Food scientists use VR to show how our perception of real food is altered by our surroundings


When you’re eating, your meal doesn’t just involve the taste of the food that fills your belly. Eating also involves other senses like sight and smell. According to the results of a study on virtual reality (VR), people are also “influenced by the environment in which they eat.”

For the study, which was published in the Journal of Food Science, food scientists from Cornell University used VR technology to demonstrate how an individual’s perception of real food can change because of their surroundings.

Food perception and VR

Robin Dando, associate professor of food science and senior author of the study, explained that when a person eats, they perceive the taste and aroma of food along with sensory input from their surroundings, such as visual and auditory stimuli. It may even include certain memories evoked by their surroundings.

For the study, researchers observed at least 50 panelists who used virtual reality headsets as they were fed three identical samples of blue cheese. The volunteers were then virtually placed in one of three VR environments:

  • A standard sensory booth
  • A pleasant park bench
  • The Cornell cow barn

The panelists were then shown custom-recorded 360-degree videos. The study participants, who were unaware that they were given identical cheese samples, rated the pungency of the blue cheese considerably higher in the cow barn setting compared to when they were in the sensory booth or the virtual park bench.

To control for the pungency results, the panelists also rated the saltiness of the three samples. The results showed that there was no statistical difference between them.

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Dando said that the project aims to develop an affordable and easy-to-implement method for adapting VR technology that can be utilized in food sensory evaluation. (Related: Virtual escape: Hospital in-patients using VR to alleviate boredom, stress, pain.)

Your environment is also crucial to your eating experience. Dando noted that you eat in surroundings that can influence your perceptions of the food. He added that VR food sensory evaluation offers advantages such as convenience and flexibility, especially since it can reduce the cost and effort required to manually build physical environments.

The findings suggest that VR can be used for this kind of testing since it allows participants to experience an immersive environment during testing. Dando concluded, “Visually, virtual reality imparts qualities of the environment itself to the food being consumed — making this kind of testing cost-efficient.”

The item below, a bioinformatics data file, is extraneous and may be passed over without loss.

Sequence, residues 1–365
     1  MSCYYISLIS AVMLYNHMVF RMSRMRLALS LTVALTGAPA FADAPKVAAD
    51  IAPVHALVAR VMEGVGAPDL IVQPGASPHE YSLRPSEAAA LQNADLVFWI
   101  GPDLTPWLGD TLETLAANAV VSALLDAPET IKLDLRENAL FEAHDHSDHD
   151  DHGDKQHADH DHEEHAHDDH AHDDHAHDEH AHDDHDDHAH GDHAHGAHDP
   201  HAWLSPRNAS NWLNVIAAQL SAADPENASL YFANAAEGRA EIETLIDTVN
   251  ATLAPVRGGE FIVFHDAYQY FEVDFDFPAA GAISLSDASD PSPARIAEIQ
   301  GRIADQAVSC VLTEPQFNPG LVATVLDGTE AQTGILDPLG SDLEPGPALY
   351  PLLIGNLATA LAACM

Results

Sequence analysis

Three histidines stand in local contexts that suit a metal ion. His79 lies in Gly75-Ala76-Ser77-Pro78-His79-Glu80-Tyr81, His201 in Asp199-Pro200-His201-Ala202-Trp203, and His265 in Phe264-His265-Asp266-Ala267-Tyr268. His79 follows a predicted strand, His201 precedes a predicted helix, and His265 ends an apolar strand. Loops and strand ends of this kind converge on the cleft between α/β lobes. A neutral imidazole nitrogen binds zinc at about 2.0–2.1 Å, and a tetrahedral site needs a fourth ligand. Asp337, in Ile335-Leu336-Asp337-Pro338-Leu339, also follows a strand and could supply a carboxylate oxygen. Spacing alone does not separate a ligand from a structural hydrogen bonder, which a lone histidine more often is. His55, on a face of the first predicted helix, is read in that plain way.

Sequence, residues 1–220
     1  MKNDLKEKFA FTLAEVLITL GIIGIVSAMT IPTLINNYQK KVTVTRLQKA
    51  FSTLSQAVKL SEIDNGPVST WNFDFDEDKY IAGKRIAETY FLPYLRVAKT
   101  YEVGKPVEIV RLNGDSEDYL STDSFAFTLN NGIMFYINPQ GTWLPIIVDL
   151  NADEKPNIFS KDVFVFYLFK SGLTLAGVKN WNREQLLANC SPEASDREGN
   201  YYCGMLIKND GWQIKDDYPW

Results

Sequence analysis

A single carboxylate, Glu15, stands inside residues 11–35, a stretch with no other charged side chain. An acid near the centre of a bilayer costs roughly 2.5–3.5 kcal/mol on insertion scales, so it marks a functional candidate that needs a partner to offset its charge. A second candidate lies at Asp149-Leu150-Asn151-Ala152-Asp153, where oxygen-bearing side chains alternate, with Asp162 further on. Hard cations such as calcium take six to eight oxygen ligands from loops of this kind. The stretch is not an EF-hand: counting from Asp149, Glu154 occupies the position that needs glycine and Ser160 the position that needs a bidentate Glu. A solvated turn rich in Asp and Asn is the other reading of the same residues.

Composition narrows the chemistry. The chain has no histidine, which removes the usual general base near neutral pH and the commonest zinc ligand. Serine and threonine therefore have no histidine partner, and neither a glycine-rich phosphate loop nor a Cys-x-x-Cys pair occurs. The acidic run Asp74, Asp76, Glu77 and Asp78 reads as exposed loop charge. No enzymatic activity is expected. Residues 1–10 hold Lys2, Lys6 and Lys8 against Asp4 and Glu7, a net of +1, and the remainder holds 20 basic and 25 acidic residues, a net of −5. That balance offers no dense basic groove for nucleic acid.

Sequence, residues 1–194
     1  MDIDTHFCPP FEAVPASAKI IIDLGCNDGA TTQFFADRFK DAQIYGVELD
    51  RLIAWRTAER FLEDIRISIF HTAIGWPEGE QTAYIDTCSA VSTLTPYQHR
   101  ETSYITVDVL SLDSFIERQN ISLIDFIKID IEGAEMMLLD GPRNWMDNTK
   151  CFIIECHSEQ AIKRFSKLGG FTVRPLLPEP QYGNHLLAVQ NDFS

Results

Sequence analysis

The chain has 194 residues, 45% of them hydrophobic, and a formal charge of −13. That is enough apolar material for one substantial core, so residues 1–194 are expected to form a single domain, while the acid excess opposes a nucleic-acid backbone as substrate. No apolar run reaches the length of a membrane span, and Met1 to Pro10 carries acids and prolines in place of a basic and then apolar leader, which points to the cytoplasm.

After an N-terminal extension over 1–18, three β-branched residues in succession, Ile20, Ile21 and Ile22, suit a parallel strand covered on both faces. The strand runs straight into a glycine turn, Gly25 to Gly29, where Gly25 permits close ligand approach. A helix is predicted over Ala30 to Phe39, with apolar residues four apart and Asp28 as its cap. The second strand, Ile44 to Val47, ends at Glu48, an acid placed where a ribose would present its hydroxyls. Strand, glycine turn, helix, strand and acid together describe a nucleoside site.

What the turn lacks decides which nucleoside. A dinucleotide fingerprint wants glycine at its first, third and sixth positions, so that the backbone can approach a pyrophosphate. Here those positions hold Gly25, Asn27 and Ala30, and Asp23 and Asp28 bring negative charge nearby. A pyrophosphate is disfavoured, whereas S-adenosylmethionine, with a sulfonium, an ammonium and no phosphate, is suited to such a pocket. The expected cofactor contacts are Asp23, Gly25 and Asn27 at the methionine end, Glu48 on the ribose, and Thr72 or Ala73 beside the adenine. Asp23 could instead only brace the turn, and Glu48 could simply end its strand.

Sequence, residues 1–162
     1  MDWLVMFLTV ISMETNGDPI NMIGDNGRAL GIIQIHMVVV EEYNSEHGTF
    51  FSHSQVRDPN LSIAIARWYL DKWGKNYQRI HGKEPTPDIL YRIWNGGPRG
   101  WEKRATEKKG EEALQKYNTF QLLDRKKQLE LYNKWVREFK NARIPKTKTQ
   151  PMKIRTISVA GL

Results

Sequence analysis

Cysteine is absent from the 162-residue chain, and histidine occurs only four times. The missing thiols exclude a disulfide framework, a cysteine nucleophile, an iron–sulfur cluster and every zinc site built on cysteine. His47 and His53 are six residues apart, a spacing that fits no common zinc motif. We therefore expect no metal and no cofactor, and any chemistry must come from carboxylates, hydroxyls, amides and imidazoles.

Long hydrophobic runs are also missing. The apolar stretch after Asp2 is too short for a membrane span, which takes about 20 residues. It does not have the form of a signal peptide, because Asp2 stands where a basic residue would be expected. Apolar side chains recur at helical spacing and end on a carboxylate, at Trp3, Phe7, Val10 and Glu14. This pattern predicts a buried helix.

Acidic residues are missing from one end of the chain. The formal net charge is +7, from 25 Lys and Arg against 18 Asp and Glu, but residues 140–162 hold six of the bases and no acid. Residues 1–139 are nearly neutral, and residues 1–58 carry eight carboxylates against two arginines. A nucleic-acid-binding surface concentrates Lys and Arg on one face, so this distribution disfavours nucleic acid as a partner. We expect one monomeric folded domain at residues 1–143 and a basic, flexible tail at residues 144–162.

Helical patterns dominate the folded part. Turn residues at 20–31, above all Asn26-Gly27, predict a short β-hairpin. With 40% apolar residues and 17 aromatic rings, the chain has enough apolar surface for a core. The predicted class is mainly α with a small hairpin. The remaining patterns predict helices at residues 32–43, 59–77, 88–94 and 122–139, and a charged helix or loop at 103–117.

What is sensory evaluation?

Sensory evaluation, also called sensory analysis, refers to “the process of evaluating consumer products using the five senses.” Through sensory analysis, consumer panels are organized to test various products before they are sold in stores. Using the results of these tests, manufacturers can determine whether or not a product will become popular among consumers.

Food and drink companies often use sensory evaluation to test their products, and these companies ask consumer panels to test products while analysts record their responses.

Panels may be chosen based on certain criteria, while others can be picked at random. However, a random sampling usually provides a better gauge of the general public.

Using the data from panel responses, analysts make predictions that can help manufacturers improve their products. Consumer evaluation is crucial to determining how successful, or unsuccessful, a product can be. Through consumer evaluation, companies get feedback on a product before it is released to the public.

There are three types of sensory evaluation:

  1. Effective testing concerns the objective facts about a certain product.
  2. Affective testing involves subjective facts, like personal preferences.
  3. Perception involves psychological and biochemical elements of sensation.

Browse other articles about the possible applications of virtual reality at VirtualReality.news.

Sources include:

ScienceDaily.com

BizFluent.com



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